Panic buying and generosity: A year since NZ entered covid lockdown

NZ lockdown anniversary montage
Empty streets across New Zealand (clockwise, from top left) in Auckland, Wellington, Christchurch and Dunedin, on 26 March 2020, the first full day of the covid-19 lockdown announced by Prime Minister Jacinda Ardern on 23 March 2020. Image: RNZ

RNZ News

Today marks one year since Prime Minister Jacinda Ardern made the call to put New Zealand into a covid-19 lockdown.

At the time, Aotearoa had 102 confirmed cases of covid-19 and the Ministry of Health said the virus was spreading in the community.

The borders were already shut.

The level 4 lockdown started at 11.59pm on 25 March 2020, two days after the prime minister’s announcement, and meant non-essential businesses and schools closed.

New Zealanders were urged to stay at home to save lives, and to leave home only for essential purposes such as grocery shopping.

Panic buying made headlines with long queues forming at supermarkets around the country just ahead of the lockdown.

Countdown pleaded with the public to only buy what they needed, but empty shelves and out-of-stock items, such as flour, were a common sight.

Felt like ‘the apocalypse’
Bella, who works in Auckland, had a glass of wine with her flatmates the night of the announcement, before jumping on a bus to Thames to spend lockdown with her family.

She said it felt like the apocalypse, but she found the first lockdown the easiest as she was with family and out of the city.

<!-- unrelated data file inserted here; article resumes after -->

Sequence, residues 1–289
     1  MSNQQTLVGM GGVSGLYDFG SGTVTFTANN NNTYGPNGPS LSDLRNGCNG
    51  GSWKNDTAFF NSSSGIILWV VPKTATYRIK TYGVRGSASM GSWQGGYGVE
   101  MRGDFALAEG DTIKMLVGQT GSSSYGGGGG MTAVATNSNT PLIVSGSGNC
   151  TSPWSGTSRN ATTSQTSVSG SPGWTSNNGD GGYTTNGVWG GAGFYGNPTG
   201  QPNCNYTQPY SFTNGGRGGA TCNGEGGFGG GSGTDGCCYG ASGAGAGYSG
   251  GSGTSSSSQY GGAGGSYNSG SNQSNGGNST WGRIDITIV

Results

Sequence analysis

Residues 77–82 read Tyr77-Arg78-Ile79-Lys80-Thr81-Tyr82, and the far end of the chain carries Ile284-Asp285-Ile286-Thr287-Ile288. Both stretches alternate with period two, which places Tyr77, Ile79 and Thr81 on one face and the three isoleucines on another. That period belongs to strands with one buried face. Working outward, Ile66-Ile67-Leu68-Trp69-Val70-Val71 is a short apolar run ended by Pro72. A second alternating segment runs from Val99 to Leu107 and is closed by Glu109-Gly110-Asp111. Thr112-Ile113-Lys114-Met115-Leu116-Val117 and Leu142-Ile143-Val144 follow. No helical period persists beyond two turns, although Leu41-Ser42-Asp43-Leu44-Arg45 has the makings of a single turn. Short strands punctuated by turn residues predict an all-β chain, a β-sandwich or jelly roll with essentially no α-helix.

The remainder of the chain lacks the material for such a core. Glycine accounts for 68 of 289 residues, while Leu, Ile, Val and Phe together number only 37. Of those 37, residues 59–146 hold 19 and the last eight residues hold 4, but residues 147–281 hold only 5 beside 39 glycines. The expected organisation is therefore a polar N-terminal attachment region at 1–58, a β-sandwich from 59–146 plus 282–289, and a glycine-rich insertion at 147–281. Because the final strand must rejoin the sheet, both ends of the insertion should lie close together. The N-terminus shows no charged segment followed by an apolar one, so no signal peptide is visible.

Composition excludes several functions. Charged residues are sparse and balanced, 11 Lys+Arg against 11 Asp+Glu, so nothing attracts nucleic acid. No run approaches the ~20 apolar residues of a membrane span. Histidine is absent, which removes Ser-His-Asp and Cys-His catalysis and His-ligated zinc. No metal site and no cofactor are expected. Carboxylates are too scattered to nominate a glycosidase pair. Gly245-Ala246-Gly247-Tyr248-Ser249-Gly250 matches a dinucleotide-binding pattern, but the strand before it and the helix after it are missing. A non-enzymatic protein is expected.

An empty Queen St in Auckland on lockdown 24 March 2020
An empty Queen St, Auckland, on 24 March 2020, the morning after the prime minister announced the country would be going into a level 4 lockdown. Image: Jordan Bond/RNZ

The successive lockdowns for Auckland were the real challenge as being stuck in the inner city took a toll on her mental health and that of her friends, she said.

For Auckland resident Fiona Cameron, the level 4 lockdown was manageable and she considered herself lucky.

Some of her work colleagues had to juggle many responsibilities at once during this time, including working, home-schooling and keeping the household running.

Six, who is from Auckland, believes the lockdown helped bring people together.

She lived in a Housing New Zealand complex where organisations delivered kai during the lockdown.

“One lady turned up in a Porsche with a whole load of frozen chickens. People were thinking about others,” she said.

She expected New Zealand to be in and out of lockdowns for the next year or so.

This article is republished under a community partnership agreement with RNZ.

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